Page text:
Mixed reactions to Morsy’s call for constitutional referendum

Politicians have given mixed reactions to President Mohamed Morsy’s call for a 15 December referendum on the draft constitution completed by the Constituent Assembly Thursday.

The president made the call late Saturday after assembly chairperson Hossam al-Gheriany handed him the document in an official ceremony.

Numerous assembly members had resigned from the constitution-drafting body complaining of Islamist domination of the drafting process. Islamist members, however, claim that the withdrawn members had agreed to all the articles included in the draft.

Morsy’s call came amid demonstrations across the country supporting and condemning a constitutional declaration he made on 22 November, which granted him unchallengeable legislative powers.

In a statement late Saturday, the liberal Constitution Party, headed by reform advocate Mohamed ElBaradei, said Morsy “ignored objections by large segments of the Egyptian society to the farcical way the draft had been completed.” The party reiterated its demands to form a new, consensual Constituent Assembly to prepare a different constitution, arguing that the current document lacks legitimacy.

Former presidential candidate and Strong Egypt Party head Abdel Moneim Abouel Fotouh tweeted on Sunday that Morsy’s call for a referendum reflects an “insistence to divide the nation.” He accused Morsy of failing to keep his pledge to achieve a consensual constitution.

Former presidential nominee Amr Moussa, who had dropped out of the Constituent Assembly, called for an urgent meeting of the National Salvation Front, an alliance of liberal and secular political parties, to discuss Morsy’s call for a referendum. He said in press statements late Saturday that the draft has been introduced with “unprecedented speed,” adding that the people have not had the chance to debate its content.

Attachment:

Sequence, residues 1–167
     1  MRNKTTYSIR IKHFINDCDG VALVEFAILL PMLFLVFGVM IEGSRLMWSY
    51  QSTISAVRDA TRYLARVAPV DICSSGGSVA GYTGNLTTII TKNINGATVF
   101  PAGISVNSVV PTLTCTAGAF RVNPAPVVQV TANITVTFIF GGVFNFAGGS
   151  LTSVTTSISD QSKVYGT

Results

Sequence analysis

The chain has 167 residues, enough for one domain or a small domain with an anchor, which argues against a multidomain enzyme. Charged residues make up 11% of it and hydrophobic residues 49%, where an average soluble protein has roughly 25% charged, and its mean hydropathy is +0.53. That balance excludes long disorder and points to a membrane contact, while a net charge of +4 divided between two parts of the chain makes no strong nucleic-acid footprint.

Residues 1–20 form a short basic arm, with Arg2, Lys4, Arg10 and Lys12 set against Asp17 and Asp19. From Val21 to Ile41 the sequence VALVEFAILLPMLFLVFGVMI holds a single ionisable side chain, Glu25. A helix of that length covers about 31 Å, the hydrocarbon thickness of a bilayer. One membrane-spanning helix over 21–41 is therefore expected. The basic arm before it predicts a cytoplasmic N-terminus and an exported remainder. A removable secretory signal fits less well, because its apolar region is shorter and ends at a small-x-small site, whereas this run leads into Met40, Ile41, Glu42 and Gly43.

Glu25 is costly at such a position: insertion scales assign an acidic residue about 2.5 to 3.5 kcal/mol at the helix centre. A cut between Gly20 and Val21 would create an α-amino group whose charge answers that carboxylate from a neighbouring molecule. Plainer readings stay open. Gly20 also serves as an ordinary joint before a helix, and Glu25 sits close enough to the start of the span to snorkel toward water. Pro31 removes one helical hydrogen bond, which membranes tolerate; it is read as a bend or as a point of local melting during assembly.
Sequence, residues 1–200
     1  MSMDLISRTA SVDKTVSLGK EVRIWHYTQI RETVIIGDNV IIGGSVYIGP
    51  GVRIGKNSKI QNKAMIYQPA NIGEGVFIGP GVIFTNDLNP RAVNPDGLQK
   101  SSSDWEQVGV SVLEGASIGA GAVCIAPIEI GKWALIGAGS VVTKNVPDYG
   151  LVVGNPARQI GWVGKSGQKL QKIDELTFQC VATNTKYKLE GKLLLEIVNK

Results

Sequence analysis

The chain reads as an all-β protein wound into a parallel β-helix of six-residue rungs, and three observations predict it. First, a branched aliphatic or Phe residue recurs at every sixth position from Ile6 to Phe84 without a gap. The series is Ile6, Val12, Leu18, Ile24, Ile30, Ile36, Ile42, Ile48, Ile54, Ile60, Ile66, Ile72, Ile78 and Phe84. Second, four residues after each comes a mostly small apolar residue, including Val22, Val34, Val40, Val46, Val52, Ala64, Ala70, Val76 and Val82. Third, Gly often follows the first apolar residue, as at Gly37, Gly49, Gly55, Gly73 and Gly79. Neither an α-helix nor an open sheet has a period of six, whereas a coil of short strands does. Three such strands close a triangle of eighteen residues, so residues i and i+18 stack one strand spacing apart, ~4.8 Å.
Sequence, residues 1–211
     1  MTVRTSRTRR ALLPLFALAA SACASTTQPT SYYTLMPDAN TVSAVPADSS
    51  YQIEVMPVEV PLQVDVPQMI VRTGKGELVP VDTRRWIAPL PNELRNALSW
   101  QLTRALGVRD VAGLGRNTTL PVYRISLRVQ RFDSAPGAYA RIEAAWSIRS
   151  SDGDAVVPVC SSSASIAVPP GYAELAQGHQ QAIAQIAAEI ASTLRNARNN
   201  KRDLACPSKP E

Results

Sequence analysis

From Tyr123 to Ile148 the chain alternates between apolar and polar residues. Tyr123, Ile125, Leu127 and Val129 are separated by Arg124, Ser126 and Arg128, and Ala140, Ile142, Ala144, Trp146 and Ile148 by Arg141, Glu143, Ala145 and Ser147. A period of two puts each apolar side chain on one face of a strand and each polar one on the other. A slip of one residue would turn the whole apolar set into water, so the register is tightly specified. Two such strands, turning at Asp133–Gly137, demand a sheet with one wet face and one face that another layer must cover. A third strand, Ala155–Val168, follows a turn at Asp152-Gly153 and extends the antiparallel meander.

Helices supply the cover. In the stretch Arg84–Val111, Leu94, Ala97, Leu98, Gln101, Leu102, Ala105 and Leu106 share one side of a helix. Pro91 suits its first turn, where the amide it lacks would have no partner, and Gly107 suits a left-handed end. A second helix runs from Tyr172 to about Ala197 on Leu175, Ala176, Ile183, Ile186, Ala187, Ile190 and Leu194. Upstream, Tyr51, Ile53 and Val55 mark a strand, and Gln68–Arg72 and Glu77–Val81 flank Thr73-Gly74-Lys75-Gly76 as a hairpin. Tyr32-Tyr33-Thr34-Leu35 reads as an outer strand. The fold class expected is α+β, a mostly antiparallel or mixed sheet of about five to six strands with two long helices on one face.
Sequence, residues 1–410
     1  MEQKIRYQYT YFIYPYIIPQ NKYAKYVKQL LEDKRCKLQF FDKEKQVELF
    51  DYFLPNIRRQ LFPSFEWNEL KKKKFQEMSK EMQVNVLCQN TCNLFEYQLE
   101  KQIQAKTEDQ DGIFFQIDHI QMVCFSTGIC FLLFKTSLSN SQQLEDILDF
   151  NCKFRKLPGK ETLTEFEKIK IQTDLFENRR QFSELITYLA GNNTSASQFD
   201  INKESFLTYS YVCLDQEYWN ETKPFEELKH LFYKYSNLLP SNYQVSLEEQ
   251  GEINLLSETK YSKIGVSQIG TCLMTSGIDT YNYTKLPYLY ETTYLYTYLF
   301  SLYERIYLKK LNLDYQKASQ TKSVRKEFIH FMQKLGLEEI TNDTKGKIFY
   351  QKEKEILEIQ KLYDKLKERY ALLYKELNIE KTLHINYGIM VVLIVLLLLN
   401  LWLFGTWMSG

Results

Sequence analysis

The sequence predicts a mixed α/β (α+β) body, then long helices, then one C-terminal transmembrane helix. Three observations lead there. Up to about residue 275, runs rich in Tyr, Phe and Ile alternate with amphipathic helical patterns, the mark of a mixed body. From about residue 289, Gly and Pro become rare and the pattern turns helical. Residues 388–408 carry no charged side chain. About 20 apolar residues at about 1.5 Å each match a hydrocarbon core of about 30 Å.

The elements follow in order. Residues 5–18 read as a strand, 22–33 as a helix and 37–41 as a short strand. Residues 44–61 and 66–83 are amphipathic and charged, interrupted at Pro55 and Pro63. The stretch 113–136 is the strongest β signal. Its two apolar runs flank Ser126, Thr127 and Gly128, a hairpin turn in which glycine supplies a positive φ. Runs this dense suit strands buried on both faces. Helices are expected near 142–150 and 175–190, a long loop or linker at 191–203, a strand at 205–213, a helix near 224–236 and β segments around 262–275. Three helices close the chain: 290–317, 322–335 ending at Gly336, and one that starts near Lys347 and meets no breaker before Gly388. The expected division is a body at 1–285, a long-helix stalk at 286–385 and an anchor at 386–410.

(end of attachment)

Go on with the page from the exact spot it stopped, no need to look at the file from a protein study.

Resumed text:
But other politicians agreed to the president’s move. Constituent Assembly and Muslim Brotherhood member Farid Ismail said the date set for the referendum is “very suitable for ending the transitional period.” He told the website of the Brotherhood’s Freedom and Justice Party that the poll would mark an end to “unfeasible” political disputes.

Ghad al-Thawra Party leader Ayman Nour, who was also a member of the constitution drafting panel, told Al Jazeera satellite channel late Saturday that the referendum preempts any judicial verdicts against the Constituent Assembly. He urged citizens to take part in the poll, predicting that voters will approve the draft constitution.

Salafi Dawah spokesperson Abdel Moneim al-Shahat, told London-based Asharq al-Awsat that voters would approve the draft by at least 80 percent, arguing that “even Copts will vote for the constitution” as the draft stipulates that Christians may resort to their religious laws in personal matters.

Shahat leveled criticism at opponents to the constitution, saying, “They will not change their stance.” He added that the opposing groups had previously agreed to the document before withdrawing from the process “mysteriously.”

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